Food prices rose at an 8 percent annual pace in September, according to the Bureau of Labor Statistics’ producer-price data. Commodity costs account for a much larger share of expenses at supermarkets than at eateries, so there’s been a “delayed pass-through” as restaurants absorbed some of the increases.
Following the lead of supermarkets, restaurants have some confidence consumers can afford to pay more because of moderate growth in employment and income. Employers added 103,000 workers in September, the Labor Department reported, more than forecast. Personal income rose at an annual rate of 4.5 percent in August, marking 20 months of consecutive yearly growth, Bureau of Economic Analysis data show.
Companies may take creative approaches to effectively raise prices, such as reducing promotions, offering higher-end specials or emphasizing certain menu items.
Eateries need to “think very deliberately” about making adjustments to avoid driving away their core base of diners.
Fast-food chains may have more success because their prices are closer to food-at-home than full-service restaurants. Given the opportunity cost for employed Americans to prepare meals at home, it “might be a better value” to eat out.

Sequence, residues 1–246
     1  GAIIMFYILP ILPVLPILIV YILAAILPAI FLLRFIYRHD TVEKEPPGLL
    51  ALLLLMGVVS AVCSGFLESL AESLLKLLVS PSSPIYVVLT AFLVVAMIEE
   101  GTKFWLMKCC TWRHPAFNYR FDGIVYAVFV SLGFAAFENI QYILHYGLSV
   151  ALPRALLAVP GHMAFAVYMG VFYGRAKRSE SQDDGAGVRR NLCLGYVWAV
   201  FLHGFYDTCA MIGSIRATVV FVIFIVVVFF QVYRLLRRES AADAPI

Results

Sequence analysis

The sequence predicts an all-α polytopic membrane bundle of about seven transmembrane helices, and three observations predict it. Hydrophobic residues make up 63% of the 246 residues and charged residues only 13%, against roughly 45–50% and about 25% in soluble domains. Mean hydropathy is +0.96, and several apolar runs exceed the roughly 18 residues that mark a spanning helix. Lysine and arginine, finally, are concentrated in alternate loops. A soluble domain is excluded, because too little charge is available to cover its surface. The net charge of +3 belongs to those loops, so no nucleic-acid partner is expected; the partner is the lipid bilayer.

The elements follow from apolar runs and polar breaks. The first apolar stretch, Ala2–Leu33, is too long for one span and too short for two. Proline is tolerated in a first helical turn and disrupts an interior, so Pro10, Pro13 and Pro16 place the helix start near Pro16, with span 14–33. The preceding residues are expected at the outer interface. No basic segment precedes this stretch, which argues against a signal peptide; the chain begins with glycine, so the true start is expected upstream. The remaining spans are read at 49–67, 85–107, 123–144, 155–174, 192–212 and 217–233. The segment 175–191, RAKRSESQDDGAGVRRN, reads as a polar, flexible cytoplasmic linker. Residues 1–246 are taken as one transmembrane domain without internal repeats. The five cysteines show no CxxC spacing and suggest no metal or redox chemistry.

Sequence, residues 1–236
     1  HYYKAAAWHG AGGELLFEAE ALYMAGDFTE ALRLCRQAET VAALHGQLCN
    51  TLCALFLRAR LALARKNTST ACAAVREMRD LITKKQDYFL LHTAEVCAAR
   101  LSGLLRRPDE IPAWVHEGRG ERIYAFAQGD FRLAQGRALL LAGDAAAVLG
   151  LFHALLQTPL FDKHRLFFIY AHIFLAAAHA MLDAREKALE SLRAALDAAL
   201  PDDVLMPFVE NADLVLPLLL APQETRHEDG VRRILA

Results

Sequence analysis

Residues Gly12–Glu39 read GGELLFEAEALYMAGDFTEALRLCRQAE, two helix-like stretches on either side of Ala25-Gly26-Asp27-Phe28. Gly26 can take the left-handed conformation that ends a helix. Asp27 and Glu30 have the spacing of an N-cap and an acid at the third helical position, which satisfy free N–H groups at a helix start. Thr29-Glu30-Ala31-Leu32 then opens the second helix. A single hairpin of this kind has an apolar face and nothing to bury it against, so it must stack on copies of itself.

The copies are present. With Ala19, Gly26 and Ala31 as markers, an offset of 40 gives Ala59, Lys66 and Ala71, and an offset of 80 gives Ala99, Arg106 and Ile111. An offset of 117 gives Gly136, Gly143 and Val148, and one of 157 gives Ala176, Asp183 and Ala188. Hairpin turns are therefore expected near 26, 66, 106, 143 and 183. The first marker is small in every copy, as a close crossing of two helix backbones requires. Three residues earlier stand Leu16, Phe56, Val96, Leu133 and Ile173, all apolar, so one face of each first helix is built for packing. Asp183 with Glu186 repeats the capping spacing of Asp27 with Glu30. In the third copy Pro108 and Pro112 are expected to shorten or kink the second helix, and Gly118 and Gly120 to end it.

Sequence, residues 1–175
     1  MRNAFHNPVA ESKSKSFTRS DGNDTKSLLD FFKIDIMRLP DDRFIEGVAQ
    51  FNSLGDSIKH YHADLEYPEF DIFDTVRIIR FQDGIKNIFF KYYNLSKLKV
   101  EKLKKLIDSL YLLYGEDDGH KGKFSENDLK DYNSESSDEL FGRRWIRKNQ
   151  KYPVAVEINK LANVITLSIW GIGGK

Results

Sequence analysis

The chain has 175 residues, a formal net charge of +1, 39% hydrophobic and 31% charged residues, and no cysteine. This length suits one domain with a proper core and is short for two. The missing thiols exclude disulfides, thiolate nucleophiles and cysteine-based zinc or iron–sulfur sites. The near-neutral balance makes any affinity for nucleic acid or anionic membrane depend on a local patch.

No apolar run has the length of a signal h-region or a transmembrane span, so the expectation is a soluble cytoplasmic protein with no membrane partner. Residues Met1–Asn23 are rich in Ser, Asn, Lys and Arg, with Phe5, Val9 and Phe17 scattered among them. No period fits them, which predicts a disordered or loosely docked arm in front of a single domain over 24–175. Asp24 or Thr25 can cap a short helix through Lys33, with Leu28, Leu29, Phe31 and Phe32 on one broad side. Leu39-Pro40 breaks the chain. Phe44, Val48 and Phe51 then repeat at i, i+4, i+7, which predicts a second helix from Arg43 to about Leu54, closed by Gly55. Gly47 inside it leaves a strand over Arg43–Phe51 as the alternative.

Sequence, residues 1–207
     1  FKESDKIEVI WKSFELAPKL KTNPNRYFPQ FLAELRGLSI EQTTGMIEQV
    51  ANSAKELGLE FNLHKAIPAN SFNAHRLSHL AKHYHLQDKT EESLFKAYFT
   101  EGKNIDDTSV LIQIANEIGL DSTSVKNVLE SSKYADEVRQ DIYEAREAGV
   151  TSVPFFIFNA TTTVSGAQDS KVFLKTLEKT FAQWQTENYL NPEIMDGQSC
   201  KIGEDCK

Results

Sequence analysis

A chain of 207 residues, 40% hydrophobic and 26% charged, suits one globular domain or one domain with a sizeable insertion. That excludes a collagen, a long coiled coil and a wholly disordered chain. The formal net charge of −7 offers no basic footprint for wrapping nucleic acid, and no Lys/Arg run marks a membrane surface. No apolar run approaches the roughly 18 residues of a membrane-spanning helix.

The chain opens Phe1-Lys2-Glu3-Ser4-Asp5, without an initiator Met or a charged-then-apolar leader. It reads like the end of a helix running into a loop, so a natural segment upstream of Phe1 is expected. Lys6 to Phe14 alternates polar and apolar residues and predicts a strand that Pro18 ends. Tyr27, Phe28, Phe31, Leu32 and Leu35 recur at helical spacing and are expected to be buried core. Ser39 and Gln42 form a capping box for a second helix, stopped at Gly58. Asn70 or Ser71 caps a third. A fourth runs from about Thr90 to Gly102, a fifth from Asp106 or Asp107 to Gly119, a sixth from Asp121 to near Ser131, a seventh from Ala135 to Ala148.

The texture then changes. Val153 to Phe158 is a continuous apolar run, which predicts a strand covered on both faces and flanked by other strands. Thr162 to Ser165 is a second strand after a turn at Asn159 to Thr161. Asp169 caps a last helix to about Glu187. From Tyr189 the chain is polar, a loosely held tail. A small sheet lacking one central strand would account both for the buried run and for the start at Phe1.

For budget-conscious consumers, the “big bang for the buck” still is eating at home, even if it also costs more. The tradeoff is driven much more by unemployment than any price spread.
The jobless rate, at 9.1 percent in September, has been above 9 percent for 27 of the past 29 months, Labor Department data show. Meanwhile, confidence as measured by the Bloomberg Consumer Comfort Index declined in the week ended Oct. 23 to the lowest level in a month.
Grocery stores are having more success in passing along rising food costs because they have less excess supply than dining establishments.
People are doing smaller things for entertainment, such as eating out as opposed to taking a vacation. Investors are looking for consumer discretionary sectors, like restaurants, where the competitive position is improving.
Source: Bloomberg.htm; 10/28/11